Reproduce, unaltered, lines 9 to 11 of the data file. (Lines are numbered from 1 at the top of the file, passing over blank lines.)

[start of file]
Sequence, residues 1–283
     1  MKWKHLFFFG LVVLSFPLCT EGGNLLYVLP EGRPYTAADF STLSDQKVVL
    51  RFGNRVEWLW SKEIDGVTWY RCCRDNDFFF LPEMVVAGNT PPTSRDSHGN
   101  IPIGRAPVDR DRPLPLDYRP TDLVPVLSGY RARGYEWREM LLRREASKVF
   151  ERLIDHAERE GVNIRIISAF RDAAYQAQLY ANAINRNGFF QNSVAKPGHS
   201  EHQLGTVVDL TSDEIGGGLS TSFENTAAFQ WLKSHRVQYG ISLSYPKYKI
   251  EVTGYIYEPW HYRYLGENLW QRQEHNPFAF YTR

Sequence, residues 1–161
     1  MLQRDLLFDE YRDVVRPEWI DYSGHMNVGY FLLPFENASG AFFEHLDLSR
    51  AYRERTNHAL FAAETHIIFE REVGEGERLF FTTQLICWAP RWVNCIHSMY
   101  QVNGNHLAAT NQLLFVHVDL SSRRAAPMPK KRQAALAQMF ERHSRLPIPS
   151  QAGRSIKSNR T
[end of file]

     1  MLQRDLLFDE YRDVVRPEWI DYSGHMNVGY FLLPFENASG AFFEHLDLSR
    51  AYRERTNHAL FAAETHIIFE REVGEGERLF FTTQLICWAP RWVNCIHSMY
   101  QVNGNHLAAT NQLLFVHVDL SSRRAAPMPK KRQAALAQMF ERHSRLPIPS